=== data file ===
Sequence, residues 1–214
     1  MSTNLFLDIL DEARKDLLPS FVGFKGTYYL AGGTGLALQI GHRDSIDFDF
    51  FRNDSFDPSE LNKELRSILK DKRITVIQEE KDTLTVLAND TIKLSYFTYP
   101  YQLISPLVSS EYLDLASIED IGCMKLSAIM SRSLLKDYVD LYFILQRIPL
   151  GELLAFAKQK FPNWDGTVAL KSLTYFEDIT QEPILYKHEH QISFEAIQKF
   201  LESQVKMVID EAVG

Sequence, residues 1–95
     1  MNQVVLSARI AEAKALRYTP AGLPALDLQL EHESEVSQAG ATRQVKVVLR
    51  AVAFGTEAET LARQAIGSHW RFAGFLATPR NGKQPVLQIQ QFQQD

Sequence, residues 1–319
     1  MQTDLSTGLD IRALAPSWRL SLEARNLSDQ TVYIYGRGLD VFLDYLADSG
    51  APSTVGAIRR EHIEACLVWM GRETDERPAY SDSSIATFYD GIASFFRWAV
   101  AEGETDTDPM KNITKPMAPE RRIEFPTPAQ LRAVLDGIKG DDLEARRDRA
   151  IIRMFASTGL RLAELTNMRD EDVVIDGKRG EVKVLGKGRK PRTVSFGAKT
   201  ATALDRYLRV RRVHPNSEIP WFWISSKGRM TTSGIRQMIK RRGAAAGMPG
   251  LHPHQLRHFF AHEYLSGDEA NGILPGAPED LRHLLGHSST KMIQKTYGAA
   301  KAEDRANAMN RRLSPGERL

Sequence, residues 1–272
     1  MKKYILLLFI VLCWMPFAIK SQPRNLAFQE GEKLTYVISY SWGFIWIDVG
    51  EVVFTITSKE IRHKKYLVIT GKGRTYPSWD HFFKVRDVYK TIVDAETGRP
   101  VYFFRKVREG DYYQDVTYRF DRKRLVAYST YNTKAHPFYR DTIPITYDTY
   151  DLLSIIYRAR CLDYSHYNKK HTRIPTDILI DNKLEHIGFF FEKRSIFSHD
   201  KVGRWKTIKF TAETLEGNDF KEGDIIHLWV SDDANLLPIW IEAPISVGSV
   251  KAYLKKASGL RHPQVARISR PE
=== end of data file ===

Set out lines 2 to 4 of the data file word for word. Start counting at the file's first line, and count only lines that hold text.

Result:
     1  MSTNLFLDIL DEARKDLLPS FVGFKGTYYL AGGTGLALQI GHRDSIDFDF
    51  FRNDSFDPSE LNKELRSILK DKRITVIQEE KDTLTVLAND TIKLSYFTYP
   101  YQLISPLVSS EYLDLASIED IGCMKLSAIM SRSLLKDYVD LYFILQRIPL